As a native English speaker, I have never used, nor have I heard anybody use the phrase "pay to."
Is this "She pays for the boy", like she pays for whatever the boy has spent or taken?
That would be "Αυτή πληρώνει για το αγόρι" (για = for).
"Αυτή πληρώνει το αγόρι" means that she gives money to the boy.
Maybe she is going to a store of boys and buying one, so she pays the boy, and after that goes home. LOL
And if this means "She pays to the boy" (even though that is not correct in English), shouldn't the Greek phrase be "Αυτή πληρώνει στο αγόρι"?
This last sentence could be right if there was the direct object (something). Αυτή πληρώνει (something) στο αγόρι. Στο=σε+το, so it is the indirect object, since it has σε=to plus the article το.
About the verb πληρώνω=to pay, there are many examples in Manolis Triantafyllidis'dictionary, with all possible cases of this verb here: http://www.greek-language.gr/greekLang/modern_greek/tools/lexica/triantafyllides/search.html?lq=%CF%80%CE%BB%CE%B7%CF%81%CF%8E%CE%BD%CF%89&dq=
Shouldn't "She pays to the boy" be also accepted?
And before commenting is not correct in English google search "pays to the". ( around 8 milion records).
I am not a native English speaker, but I think that when the meaning is to give money to someone, we don't use to. Just like tell. Pay the boy, like tell the boy.
A "pay to the" google search shows result such as "Britain pays to the EU budget" or "pay to the order of" appearing in cheques.
I beg to differ. First, we can't compare pay and tell.
Second of all, "pay to the" is very commonly used. Again searching on google "pay to the man" - for example - yields around 195 milion records vs "pay the man" - yielding only 1.5 million records. And there are plenty of quotes from English literature for the more common use of "pay to".
I'm not saying "pays the" is not correct. Just that "pays to the" should be accepted as well. That's it.
As I said, I'm not a native speaker. I think it would be useful to hear a native speaker's say on the matter.
The same debate seems to have arisen in the sentence "We pay the man" in the English course for Spanish speakers. There, feyMorgaina, who looks to be a native English speaker from North America, claims in 3 responses that "pay to somebody" is wrong.
Of course, it would be interesting if you could provide some of the quotes from English literature you mentioned. I have only found the expression "pay one's respects to somebody" in a dictionary, but it says that it is an idiomatic expression and it actually has nothing to do with money transfer.
PS: To the course contributors or anyone who might know: Is there a way to notify other users about a conversation?
Old discussion I realise, but teopap is right here; I'm a native English speaker and can confirm that 'pay somebody' is correct, and that you're correct to treat 'pay somebody' and 'tell somebody' as similar constructions. 'Pay to the boy' sounds odd.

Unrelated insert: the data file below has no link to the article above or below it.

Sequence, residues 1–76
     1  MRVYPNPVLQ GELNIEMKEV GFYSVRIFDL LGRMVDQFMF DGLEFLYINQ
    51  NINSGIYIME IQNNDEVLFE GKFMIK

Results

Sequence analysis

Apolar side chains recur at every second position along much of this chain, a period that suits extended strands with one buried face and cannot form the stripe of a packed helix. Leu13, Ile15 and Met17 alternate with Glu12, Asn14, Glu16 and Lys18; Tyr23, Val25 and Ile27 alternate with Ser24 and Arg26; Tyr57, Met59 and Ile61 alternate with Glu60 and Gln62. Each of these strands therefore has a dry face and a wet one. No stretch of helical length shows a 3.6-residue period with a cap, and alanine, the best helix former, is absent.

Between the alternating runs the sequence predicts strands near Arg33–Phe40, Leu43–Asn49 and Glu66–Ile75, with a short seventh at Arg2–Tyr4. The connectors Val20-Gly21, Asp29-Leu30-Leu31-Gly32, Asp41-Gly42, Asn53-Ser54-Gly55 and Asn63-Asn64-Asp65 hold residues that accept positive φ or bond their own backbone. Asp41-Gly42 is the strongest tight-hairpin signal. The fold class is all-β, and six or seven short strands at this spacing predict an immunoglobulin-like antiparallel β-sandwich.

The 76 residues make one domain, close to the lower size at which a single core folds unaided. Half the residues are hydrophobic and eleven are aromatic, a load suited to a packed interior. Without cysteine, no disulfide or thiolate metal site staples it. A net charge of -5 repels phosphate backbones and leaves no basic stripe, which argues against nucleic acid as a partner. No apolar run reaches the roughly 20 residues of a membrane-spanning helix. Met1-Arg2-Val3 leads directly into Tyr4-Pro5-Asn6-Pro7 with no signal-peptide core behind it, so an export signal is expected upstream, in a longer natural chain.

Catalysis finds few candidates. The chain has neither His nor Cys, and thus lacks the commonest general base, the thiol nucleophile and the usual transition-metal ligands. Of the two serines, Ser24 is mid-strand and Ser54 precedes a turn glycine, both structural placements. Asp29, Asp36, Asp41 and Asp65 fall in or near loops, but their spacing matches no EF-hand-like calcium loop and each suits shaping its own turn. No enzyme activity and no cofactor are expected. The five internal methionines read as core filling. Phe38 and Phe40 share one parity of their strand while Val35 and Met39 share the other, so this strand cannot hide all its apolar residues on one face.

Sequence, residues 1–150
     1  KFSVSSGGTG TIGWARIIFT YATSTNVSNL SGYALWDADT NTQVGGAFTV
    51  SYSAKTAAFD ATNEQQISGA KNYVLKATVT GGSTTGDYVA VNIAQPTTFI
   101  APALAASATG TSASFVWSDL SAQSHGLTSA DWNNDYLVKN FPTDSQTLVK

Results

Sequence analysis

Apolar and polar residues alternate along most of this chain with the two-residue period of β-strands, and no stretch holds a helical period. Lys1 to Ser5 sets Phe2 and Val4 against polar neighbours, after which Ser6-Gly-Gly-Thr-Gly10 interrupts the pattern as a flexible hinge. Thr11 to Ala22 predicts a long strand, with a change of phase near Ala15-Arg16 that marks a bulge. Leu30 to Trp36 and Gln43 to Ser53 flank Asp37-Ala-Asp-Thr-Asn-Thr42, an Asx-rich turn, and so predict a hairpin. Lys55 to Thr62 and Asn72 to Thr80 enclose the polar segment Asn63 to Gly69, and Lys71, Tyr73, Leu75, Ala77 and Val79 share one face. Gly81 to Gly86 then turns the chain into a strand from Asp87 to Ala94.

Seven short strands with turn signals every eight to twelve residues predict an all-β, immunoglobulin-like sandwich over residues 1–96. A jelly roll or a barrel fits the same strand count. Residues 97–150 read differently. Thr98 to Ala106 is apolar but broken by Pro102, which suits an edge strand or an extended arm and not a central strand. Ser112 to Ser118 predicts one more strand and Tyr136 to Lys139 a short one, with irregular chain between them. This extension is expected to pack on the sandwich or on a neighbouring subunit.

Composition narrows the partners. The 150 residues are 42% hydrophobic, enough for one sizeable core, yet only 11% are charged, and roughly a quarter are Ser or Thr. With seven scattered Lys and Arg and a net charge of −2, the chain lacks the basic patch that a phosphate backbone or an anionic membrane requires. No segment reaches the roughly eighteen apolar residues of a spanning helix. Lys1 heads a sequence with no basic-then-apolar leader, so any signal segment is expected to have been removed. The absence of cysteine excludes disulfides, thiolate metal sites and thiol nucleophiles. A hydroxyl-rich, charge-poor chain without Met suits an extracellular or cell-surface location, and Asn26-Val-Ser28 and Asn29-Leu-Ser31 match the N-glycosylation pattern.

I can only think of one example where it MIGHT be used, but it's pretty unique: say I asked a member of staff at a restaurant 'where do I pay my bill?', the member of staff might reply that you 'pay to the young man on the till over there'. It would only be used here to emphasise the direction or location of the paying, and to distinguish from the expression 'pay the young man', which sounds a little like you're paying ONLY the young man, and not the restaurant. Still though, one could definitely say 'pay the young man over there' and it wouldn't sound strange; nor would it be strange to say 'you pay at the till over there', or to use similar 'at' constructions.
'Pay to' might also be used if the 'to' forms part of a following infinitive verb construction, e.g.: 'I pay to go into the circus'; or 'I paid to do this'.
Hope this helps!
Don't know how old this thread is, but I'll comment that as a native speaker of English, and a linguist, the typical construction in English is "X pay Y", without 'to', where Y is a grammatical direct object but a semantic recipient, i.e. the person receiving the money. If you want to use 'to', it can only occur if there is an actual direct object indicating the money itself. Some examples: "I pay the man" (=I give money to the man in exchange for something) "I pay him" (=same) "I pay ten dollars to the man" (=I give the man ten dollars in exchange for something) "I pay the man ten dollars" (=same, and sounds less marked [more usual] to me than the previous phrase) "I pay him ten dollars" (=same) The Google hits for "pay to" are most likely picking up purposive uses, such as "you have to pay to enter", or set phrases such as "pay to the order of". The context is important here.